He knew the philosophy of leaving nothing to chance was in reality most likely impossible. Chance had a way of working itself into a horrendously big knot-ball of endless possibilities, and therefore, one could theoretically never leave nothing to chance. The best one could hope to achieve was to leave as little to chance as humanly possible, monitor the situation with the eyes of a hawk and have a few viable exit strategies for those times in which the real world threw a zinger of a knot-ball in one’s direction.
That being said, he had become an expert in the art of disguise. He supposed being an expert in disguise went hand-in-hand with being an expert in the art of surveillance as one relied heavily on the other for its success.
He had the physical body structure which made it possible to pull off a seemingly endless variety of personas. His physique was slim, but not so emaciated as to draw unwanted attention to him. Thin men were more capable of dressing as a woman, an elderly man or a foreigner than the average obese beer-bellied American male. Thus, he worked hard to maintain his thin, fit physique.
Today, his disguise was Mrs. Martha Stevens, a middle-aged widow from Orlando, Florida, whose husband recently kicked the can and left her enough funds to travel wherever she desired, which is why the dear Mrs. Stevens was in this hotel in Colorado on this day. True, Orlando was technically in the South and he was linguistically inept in respect to the Southern drawl. It seemed so easy to fake, but most people can spot a false Southern accent a mile away. However, Orlando was a metropolis of foreigners and retirees from all points of the country. He could fake a vaguely Midwest accent of no definite origin and nobody would raise an ear. He had a general rule not to reuse a persona, but he did have an affinity Mrs. Stevens and her ilk. He had used Mrs. Stevens five or six years ago on a jaunt over to Paris, kill the mark and enjoy the Eiffel Tower and delicacies of the local Patisserie weekend. Martha Stevens loves her French baked goods.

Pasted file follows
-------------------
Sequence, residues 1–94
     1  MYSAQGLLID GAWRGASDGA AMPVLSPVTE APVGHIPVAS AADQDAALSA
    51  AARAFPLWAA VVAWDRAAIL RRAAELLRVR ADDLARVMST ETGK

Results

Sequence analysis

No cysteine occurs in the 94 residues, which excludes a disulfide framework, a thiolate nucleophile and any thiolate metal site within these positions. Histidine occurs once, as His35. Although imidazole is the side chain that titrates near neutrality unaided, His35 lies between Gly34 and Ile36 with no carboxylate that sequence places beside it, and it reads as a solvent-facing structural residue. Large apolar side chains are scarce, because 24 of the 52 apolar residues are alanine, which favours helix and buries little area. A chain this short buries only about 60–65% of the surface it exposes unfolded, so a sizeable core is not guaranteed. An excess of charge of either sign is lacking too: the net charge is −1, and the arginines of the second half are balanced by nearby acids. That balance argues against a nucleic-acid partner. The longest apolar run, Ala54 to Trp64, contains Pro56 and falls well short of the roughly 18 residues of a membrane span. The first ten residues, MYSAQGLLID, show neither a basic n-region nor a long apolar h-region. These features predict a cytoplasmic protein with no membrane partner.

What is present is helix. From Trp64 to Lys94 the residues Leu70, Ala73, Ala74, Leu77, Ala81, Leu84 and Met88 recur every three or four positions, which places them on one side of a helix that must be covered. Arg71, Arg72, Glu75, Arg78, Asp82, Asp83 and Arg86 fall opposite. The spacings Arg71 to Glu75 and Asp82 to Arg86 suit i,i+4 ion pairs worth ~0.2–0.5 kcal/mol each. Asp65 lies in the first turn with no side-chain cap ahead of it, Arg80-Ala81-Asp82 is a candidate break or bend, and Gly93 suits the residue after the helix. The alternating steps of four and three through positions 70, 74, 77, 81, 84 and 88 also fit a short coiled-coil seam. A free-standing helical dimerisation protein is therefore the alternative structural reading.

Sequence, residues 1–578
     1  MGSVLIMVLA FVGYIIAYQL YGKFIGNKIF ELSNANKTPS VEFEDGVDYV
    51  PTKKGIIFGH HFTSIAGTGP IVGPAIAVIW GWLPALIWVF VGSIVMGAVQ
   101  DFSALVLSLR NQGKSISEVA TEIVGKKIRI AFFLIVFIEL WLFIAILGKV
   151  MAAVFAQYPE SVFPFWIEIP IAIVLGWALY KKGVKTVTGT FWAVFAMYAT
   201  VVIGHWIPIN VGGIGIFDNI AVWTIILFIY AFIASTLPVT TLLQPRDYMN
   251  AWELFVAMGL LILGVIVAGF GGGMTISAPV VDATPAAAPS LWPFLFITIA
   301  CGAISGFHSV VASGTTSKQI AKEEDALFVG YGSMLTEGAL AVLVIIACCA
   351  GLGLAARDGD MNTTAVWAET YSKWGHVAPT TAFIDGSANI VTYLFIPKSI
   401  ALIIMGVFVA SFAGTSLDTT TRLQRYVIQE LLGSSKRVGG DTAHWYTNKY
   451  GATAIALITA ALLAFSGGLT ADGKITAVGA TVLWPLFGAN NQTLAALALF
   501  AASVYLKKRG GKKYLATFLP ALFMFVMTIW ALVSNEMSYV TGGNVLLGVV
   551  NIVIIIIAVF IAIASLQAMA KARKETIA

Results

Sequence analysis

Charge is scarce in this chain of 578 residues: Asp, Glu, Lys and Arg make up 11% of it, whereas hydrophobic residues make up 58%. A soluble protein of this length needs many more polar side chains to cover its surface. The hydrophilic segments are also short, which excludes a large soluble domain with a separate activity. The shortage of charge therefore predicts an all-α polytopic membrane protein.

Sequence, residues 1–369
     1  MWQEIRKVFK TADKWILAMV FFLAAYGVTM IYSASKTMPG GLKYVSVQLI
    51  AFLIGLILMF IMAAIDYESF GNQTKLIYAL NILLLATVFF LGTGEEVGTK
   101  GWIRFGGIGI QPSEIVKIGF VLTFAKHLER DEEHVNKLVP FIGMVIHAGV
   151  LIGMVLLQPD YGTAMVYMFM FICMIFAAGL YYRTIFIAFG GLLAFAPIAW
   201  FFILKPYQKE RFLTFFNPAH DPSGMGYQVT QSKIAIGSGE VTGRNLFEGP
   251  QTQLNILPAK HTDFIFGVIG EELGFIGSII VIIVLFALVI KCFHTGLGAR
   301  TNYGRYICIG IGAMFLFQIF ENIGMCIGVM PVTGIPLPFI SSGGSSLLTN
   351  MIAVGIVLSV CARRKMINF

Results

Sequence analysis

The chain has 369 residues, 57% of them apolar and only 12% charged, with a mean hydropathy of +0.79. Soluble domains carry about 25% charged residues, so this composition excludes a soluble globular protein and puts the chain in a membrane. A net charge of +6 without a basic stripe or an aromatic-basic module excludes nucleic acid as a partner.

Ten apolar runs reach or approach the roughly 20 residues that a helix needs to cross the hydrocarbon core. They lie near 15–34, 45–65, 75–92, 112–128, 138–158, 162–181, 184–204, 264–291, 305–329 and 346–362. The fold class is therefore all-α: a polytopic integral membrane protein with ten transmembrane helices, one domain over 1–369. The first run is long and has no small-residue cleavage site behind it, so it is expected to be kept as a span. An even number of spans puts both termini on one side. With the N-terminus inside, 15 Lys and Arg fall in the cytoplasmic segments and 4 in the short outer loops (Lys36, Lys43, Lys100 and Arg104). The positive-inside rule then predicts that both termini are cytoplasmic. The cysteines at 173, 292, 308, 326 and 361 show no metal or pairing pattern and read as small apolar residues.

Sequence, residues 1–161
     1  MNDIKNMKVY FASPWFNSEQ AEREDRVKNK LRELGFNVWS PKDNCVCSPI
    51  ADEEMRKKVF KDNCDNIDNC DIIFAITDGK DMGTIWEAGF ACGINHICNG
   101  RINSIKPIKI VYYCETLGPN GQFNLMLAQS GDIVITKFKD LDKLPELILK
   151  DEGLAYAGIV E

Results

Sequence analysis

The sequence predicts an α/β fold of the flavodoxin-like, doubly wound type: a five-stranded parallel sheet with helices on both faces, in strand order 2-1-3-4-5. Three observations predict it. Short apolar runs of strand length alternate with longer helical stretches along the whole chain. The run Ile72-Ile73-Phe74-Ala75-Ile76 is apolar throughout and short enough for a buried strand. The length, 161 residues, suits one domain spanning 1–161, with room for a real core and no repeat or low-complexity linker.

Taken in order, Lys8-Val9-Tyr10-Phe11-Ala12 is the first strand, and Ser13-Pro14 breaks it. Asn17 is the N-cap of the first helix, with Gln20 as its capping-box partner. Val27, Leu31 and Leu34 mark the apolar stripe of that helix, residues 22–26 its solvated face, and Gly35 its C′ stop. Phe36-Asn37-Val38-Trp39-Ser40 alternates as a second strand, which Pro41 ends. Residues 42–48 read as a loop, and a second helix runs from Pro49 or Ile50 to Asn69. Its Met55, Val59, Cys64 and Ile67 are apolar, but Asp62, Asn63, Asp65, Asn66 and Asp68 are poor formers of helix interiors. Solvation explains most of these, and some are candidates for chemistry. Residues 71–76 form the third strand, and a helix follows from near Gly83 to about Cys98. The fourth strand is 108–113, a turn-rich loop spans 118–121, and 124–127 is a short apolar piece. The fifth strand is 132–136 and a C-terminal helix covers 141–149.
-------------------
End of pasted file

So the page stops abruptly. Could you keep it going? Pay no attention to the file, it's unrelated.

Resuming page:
Martha Stevens was a gregarious woman with a commanding voice. People noticed her. That was his plan. Nobody expected a middle-aged widow in a bold, Hawaiian print dress with pictures of her dead husband, Merle, to be a man or a killer. People liked Martha Stevens, and would never believe she were somehow involved in any sort of sordid affairs.
After the hoopla of the arrival and check-in of Martha Stevens had died down and she had become just another guest who just happened to be residing in room 327 for the next week, he quietly, with great stealth, snuck out to his car, and became Mike Johnson. Mike was mild-mannered, a world away from the vivaciousness of Martha. Nobody would look twice if they saw Mike entering or leaving his room number 212. He was white bread, mayonnaise, bland. Mike was a blend-into-the woodwork person, and that was by design. Mike was an exit strategy if worse came to worse. Cain prayed it wouldn’t come to that.